I’m not one to deny the importance of voting, of inhibiting that civic right to exercise a vote, or to cast a ballot that is symbolically representative of what is seen as an American duty. To be quite honest, I don’t see the act of voting as important as the people’s access to be able to vote--I am intimately acquainted with being disappointed with the voting process that functions in this country. Regardless, while I would advocate for a voting process that is akin to proportional representation, rather than majority-rule, I am one to demand justice where it begs to be demanded, and pinpoint injustices where I see them, and voting access is such a matter.
People often interpret racial divides as being based on locale, inequities, or institutionalized discrimination. Indeed, racial divides are deeply rooted in the historic practice of unequal treatment of minorities, and voting access is no exception. From the beginning of this nation’s history, discrimination has always been an ugly presence in the election process. First, it was women. Then, it was African-Americans. But today, it’s the minorities, the lower-income, and the less-educated. Discrimination in the election process still seeps into our democracy, but it is hidden under an unnoticed veil no one ever bothers to lift.
Practices such as reducing the number of polling places in locations that are known to be housing primarily minority voters, have been documented by The National Association for the Advancement of Colored People (NAACP). In addition, redistricting has also been shown to weaken the minority voting power, specifically aimed at securing more votes for the conservative party, since minority-groups tend to vote more liberally. Small, almost invisible aggressions also add to the continued discrimination in the voting process; information about registration, and the correct procedural format for voting, has been reported to be withheld from specific minorities.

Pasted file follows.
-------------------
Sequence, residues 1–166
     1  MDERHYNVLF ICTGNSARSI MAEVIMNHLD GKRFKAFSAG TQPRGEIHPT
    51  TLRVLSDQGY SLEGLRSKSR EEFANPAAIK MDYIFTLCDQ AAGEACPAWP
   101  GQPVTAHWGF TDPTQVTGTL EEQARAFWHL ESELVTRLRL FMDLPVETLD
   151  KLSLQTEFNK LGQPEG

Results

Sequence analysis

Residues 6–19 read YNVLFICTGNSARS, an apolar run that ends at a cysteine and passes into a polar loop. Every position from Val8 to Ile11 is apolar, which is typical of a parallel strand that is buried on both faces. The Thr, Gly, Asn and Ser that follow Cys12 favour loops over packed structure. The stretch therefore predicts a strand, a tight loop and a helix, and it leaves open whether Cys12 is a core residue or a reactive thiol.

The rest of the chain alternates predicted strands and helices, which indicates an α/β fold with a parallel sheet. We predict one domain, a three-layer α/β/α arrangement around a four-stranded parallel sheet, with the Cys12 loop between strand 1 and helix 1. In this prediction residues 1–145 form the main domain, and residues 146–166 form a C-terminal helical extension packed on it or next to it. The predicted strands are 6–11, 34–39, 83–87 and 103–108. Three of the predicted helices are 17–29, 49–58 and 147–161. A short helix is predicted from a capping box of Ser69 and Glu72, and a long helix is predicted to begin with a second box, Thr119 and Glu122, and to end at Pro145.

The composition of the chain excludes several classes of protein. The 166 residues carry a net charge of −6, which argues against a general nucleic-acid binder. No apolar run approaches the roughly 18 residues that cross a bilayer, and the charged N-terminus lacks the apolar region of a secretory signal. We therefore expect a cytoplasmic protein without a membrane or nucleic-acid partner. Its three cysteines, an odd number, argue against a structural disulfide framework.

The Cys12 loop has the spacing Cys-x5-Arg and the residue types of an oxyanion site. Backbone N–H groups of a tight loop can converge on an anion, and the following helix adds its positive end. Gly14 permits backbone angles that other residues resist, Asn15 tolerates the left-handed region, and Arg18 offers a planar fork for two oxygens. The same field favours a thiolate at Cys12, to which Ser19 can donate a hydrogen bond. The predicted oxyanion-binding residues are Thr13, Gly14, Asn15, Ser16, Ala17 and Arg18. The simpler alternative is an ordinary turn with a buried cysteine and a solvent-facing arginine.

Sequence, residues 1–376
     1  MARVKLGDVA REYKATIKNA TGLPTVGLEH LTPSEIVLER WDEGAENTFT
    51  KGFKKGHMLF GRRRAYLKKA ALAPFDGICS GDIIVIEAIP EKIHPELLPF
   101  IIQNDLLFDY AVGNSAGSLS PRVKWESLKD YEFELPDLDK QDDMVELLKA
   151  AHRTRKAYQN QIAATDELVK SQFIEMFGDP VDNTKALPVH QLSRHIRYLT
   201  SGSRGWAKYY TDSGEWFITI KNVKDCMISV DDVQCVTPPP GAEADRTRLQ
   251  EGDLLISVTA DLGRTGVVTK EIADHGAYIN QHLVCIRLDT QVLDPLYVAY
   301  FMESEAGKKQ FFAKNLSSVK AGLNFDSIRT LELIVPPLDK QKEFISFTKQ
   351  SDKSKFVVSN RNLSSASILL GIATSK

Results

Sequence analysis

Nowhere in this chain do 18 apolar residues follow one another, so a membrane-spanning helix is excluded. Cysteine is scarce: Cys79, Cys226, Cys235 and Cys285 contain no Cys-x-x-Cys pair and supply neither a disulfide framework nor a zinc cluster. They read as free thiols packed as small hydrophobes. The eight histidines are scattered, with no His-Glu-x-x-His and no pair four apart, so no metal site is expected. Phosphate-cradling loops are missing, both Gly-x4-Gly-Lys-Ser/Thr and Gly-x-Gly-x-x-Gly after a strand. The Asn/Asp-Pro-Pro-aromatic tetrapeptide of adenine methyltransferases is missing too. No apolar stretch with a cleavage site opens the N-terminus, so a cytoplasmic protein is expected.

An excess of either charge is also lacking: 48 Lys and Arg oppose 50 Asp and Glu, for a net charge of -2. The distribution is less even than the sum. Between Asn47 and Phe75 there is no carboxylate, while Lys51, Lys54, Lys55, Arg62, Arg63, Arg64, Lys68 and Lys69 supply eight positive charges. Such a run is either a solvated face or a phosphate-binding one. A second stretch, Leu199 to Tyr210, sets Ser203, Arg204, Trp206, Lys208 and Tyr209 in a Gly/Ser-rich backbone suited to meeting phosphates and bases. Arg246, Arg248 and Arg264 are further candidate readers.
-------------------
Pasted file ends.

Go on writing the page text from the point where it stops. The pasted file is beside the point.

Even more notable, in 2016, fourteen changes in state laws took place that can be correctly interpreted as restricting minority access to voting; the riveting aspect of these novel laws is that, on the surface, they do not seem to be discriminatory, rather, they adopt a semblance of being standard protocol. It’s when you actually consider the impacts the laws have on minority voters that the discrimination becomes glaringly evident. These laws include (1) requiring a photo ID to vote (which affects specific minorities since they are less likely to have one), decreasing early voting days and the times (which provides a narrower window for all voters, decreasing the number of voters), and requiring proof of citizenship (which, obviously, minorities are also less likely to have).
What’s even more misleading is when politicians--such as Donald Trump--claim that millions of people vote illegally in elections. Frankly, voter fraud is a myth, as claimed by the Brennan Center for Justice (2). Such claims of voter fraud allow these harsh and restrictive legislation that disadvantages minorities to pass.
Voting is intrinsic to the democratic process, and its importance should never be underestimated. But even so, institutionalized discrimination that is deeply ingrained into the American government should never be underestimated, as well. It’s this discrimination that is doing a disservice to millions of minorites nationwide. The hard truth is, voting isn’t the bearer of equality it is presented as in this country; from the discrimination, institutionalized racism to the built-in loopholes preventing certain minorities from voting, it’s apparent that voting is an issue that requires our attention.